Image courtesy NASA’s Earth Observatory
Ribbons of flame trace across the parched landscape of southeast Australia. Prolonged, severe drought (exacerbated by an El Niño), high winds, and high temperatures have sparked scores of fires across New South Wales and Victoria, Australia. Lives, homes, farmland, and livestock have been lost to the blazes. This scene, situated roughly 30 km southwest of Canberra, shows smoke billowing from one of the numerous fires in the region.
This unusual image was made from data collected on January 26, 2003, by the Advanced Spaceborne Thermal Emission and Reflection Radiometer (ASTER) instrument on the Terra satellite. The image is a combination of radiation in the visible and shortwave infrared parts of the electromagnetic spectrum, using ASTER bands 3, 2, and 1. Fires burning in vegetation tend to emit radiation very strongly in the short wave infrared wavelengths of radiation, and this strong signal can be used to locate areas of open flame. In this image, the strong shortwave infrared signal of the flames has been colored bright yellow. Vegetation is red, and naturally bare soil is tan. The full scene is roughly 40 km by 60 km in area.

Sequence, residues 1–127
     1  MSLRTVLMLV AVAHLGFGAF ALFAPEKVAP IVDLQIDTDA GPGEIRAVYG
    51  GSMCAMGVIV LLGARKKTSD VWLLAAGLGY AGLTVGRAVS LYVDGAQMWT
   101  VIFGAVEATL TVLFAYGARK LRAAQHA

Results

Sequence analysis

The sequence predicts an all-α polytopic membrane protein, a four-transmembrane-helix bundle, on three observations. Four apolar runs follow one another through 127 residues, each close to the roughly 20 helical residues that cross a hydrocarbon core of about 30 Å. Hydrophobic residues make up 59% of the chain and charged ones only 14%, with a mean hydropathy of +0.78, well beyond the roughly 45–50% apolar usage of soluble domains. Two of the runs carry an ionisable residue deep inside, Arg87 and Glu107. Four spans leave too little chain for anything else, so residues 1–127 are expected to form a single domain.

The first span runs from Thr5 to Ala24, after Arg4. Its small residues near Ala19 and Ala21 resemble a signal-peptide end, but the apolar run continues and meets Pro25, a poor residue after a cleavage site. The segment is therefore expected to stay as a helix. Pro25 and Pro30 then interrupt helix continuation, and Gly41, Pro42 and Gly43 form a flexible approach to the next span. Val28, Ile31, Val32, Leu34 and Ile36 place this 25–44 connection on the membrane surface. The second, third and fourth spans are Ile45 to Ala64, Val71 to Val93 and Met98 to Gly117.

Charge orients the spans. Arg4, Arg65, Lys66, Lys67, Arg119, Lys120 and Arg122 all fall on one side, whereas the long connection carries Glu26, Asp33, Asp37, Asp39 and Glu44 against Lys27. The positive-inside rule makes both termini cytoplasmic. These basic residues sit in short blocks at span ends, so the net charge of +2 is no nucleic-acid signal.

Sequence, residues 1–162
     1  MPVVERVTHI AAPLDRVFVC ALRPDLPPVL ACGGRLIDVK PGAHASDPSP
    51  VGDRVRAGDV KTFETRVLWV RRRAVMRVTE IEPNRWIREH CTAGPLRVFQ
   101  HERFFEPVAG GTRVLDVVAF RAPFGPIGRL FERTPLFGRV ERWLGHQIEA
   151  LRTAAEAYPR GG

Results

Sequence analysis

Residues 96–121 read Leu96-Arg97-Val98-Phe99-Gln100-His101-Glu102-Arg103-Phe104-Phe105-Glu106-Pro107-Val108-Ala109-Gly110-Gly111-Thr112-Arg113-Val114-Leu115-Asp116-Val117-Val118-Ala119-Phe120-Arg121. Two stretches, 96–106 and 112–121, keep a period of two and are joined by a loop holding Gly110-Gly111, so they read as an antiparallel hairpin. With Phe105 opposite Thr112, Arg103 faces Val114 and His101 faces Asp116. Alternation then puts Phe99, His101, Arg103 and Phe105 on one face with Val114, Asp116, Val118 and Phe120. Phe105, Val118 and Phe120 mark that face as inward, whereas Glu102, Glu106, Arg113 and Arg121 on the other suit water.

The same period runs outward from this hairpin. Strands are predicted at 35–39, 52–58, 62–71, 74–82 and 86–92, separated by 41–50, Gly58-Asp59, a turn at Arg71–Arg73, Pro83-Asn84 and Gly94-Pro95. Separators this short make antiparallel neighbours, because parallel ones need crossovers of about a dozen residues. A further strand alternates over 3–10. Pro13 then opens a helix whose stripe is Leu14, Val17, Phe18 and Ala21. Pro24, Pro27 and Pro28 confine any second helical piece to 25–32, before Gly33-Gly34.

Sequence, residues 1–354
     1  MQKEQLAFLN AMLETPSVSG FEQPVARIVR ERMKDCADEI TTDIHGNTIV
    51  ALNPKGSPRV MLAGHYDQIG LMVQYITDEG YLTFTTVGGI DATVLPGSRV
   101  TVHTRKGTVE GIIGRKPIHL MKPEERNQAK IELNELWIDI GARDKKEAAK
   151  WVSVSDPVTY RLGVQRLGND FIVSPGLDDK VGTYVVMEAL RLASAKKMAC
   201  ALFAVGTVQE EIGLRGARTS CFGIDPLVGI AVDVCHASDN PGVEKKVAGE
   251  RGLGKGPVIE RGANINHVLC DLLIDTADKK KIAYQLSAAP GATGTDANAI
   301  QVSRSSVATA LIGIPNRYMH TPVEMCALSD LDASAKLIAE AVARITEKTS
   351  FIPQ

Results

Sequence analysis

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This image originally appeared on the Earth Observatory. Click here to view the full, original record.